BRUSSELS, Belgium - The euro is in a rough spot. And it could be there for years.
The economic and financial crisis has ballooned budget deficits in Greece, Ireland and several other member countries - exposing one of the underlying vulnerabilities of Europe's decade-old experiment in a multinational currency.
While few think the 16-country currency zone will actually break up, holding it together through the unfolding debt crisis will mean painful, unpopular measures such as budget cutbacks and higher taxes.
German Chancellor Angela Merkel said in a speech Wednesday that "the euro is in a very difficult phase for the coming years."
And Daniel Gros, director of the Centre for European Policy Studies in Brussels, foresees "lean years ahead and there is very little that European leaders can do about it."
Jean-Claude Trichet, the head of the European Central Bank, faced several questions at his monthly press conference last week about the possible breakup of the euro. He brusquely dismissed them: "I do not comment myself on absurd hyptheses."
The problem: The eurozone has one currency and one central bank, the Frankfurt-based ECB - but 16 governments.
Before the euro, the governments went their own way on spending. But since big budget gaps can undermine a currency, the euro members agreed deficits should stay below 3 per cent of a country's economic output every year.
So forecasts that Greece's 2009 deficit was set to hit at least 12.5 per cent of gross domestic product, and Ireland's 11.7 per cent have spread shock waves. Both countries have announce plans to cut spending and raise taxes.
More trouble is ahead as the euro's states suffer very differently from the crisis, with Spain's jobless rate hitting 19.4 per cent in November - the most recent figures available - far ahead of 3.9 per cent in the Netherlands.
It will be a challenge for the European Central Bank to find one interest rate to stimulate laggards and, at the same time, prevent inflation in growing economies.
The pain level is already high enough that a few voices are asking whether it's worth it.
Irish economist David McWilliams is advocating the end of his country's "loveless marriage" with the currency.
That would let Dublin instantly devalue its currency to make exports more competitive. It could also attract jobs to Ireland through comparatively cheaper wages.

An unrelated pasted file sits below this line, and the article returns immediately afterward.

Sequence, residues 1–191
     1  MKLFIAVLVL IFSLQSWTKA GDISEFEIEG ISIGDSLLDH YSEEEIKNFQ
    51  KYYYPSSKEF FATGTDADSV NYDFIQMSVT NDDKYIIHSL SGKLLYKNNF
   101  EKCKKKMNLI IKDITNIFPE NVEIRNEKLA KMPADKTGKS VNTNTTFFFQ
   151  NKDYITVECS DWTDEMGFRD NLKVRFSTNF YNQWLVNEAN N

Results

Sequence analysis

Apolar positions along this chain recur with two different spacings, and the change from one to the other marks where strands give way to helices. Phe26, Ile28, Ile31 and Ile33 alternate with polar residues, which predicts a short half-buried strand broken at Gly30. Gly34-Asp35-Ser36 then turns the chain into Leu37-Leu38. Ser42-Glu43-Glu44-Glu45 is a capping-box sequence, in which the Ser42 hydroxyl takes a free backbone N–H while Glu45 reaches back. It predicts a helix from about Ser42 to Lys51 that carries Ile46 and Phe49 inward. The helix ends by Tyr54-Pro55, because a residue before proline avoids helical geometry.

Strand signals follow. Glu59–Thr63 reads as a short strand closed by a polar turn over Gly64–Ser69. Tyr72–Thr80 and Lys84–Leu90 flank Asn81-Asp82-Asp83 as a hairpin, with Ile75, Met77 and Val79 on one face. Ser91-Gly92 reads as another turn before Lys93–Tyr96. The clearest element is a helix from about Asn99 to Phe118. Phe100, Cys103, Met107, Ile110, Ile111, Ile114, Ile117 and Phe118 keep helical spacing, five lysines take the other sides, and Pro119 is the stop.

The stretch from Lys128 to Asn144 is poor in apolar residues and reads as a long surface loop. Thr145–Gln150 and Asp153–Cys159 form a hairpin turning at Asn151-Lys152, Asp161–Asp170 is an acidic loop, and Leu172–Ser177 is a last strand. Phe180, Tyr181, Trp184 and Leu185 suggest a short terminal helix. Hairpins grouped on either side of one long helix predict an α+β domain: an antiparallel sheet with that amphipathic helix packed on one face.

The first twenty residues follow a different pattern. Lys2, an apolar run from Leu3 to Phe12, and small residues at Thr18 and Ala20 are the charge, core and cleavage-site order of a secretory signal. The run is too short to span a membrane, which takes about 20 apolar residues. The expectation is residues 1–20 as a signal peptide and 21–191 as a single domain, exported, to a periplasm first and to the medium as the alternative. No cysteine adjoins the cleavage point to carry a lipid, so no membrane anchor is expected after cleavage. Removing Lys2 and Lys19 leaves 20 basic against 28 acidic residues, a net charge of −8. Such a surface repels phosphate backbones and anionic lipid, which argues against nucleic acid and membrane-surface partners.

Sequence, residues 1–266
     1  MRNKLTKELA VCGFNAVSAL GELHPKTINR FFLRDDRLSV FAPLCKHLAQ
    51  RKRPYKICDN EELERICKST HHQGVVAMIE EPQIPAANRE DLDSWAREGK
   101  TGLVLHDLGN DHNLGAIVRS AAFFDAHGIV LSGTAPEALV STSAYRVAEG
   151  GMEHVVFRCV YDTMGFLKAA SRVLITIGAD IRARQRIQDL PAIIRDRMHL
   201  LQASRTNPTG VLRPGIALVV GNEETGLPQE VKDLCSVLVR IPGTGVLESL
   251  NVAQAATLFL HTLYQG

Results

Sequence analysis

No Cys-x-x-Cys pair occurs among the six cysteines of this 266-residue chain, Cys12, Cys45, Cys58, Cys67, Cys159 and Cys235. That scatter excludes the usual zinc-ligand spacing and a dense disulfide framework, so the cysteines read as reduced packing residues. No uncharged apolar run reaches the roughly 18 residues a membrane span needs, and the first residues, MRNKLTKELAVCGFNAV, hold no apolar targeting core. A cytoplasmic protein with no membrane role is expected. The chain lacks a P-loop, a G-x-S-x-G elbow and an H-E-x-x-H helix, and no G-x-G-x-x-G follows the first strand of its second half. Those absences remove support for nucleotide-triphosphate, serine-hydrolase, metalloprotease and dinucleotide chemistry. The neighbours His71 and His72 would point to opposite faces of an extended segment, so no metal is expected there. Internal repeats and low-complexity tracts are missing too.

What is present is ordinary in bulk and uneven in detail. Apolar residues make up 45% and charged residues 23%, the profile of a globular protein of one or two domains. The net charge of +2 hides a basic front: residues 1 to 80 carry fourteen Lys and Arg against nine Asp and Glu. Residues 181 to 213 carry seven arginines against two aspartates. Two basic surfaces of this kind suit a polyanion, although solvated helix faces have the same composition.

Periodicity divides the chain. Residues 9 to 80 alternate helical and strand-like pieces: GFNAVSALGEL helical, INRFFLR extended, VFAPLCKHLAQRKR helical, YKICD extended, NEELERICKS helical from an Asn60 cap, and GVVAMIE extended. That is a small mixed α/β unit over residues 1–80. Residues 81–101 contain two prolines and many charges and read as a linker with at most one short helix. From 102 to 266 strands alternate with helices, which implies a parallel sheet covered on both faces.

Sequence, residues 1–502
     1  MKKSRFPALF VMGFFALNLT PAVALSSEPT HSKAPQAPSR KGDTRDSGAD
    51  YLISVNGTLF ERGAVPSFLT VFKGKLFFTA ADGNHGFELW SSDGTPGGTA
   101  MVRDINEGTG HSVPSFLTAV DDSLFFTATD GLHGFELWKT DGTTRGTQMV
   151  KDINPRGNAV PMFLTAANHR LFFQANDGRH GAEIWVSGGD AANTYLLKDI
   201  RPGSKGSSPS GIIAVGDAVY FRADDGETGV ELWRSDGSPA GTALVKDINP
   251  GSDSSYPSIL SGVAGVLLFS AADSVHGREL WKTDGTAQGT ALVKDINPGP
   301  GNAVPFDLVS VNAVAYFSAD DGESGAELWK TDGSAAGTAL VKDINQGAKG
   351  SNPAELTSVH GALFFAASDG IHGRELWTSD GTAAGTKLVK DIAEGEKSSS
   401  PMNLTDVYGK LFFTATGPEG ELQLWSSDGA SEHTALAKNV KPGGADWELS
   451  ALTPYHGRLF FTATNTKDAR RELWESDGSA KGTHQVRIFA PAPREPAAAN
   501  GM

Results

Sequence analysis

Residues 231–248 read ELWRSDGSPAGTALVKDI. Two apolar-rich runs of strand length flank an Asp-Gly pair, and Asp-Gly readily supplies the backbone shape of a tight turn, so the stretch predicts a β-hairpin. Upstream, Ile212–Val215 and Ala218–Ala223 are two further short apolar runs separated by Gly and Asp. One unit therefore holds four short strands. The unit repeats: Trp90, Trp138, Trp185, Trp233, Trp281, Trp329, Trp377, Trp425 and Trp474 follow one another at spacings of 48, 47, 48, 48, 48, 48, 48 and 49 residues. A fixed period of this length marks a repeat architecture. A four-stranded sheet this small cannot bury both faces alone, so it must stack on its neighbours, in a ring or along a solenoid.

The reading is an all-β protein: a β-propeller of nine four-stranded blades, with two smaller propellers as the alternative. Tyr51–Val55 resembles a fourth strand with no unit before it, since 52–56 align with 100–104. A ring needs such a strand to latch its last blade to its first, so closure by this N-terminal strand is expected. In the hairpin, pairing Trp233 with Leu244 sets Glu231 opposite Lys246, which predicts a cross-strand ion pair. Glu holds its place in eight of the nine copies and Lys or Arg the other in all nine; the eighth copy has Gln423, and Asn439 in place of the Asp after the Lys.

"We need a break. We can't keep cutting expenditure when there is no offsetting stimulus coming from a cheaper exchange rate, which allows the trading sector to grow," McWilliams wrote in Ireland's Sunday Business Post newspaper on Jan. 10
But the Irish government is adamant that it won't leave - winning praise from EU officials for massive cutbacks to public spending, cutting government wages 10 per cent and demanding every worker pay at least 1 per cent last year to plug the budget gap.
Not all is negative. The euro weathered the first months of the crisis well. Membership spared Greece and Ireland the currency devaluations that savaged nonmembers Hungary, Iceland, and Ukraine.
Indeed, the euro's exchange rate has remained strong, at times rising in value as investors turned to it when the dollar tumbled. It traded around $1.44 on Friday.
Russia's reserve holdings of euro outweighed dollars for the first time last year. Ukraine even asked Russia to pay recent gas transit fees in euros, not dollars.
And quitting would not be pretty, according to Barry Eichengreen, an economics professor at the University of California, Berkeley. In a September 2009 paper for the International Monetary Fund he describes a currency devaluation that would scare investors and devastate savings.
"A systemwide bank run would certainly follow," he wrote. "This would be the mother of all financial crises. And what sensible government would willingly court this danger?"
Gros at the Centre for European Policy Studies says the current course of making cuts to bend to the EU rules is "the lesser evil."
He sets little store on frantic plans by EU officials to draw up a recovery strategy that promises to generate jobs by making labour markets more flexible, knocking down barriers to business between European countries and focusing on a green, innovation-based economy.
Down the road, the medicine offered by the EU's executive commission may work - but the immediate costs may be hard to bear.
Denmark is touted as a model for Europe with a "flexicurity" system that allows businesses dismiss workers at short notice, gives generous welfare benefits to the unemployed and encourages them to retrain for other jobs.
Following that example and scrapping some labour market rules that make it expensive for companies to hire and fire workers - will likely raise hackles among trade unions in Spain, Italy and France.
Gros sees these only as solutions for the long term.
"There's nothing that can really give a boost in the short run to overcome the effects of this crisis, but that is something that policy makers cannot accept publicly," he said. "This is very painful process which will take a long time."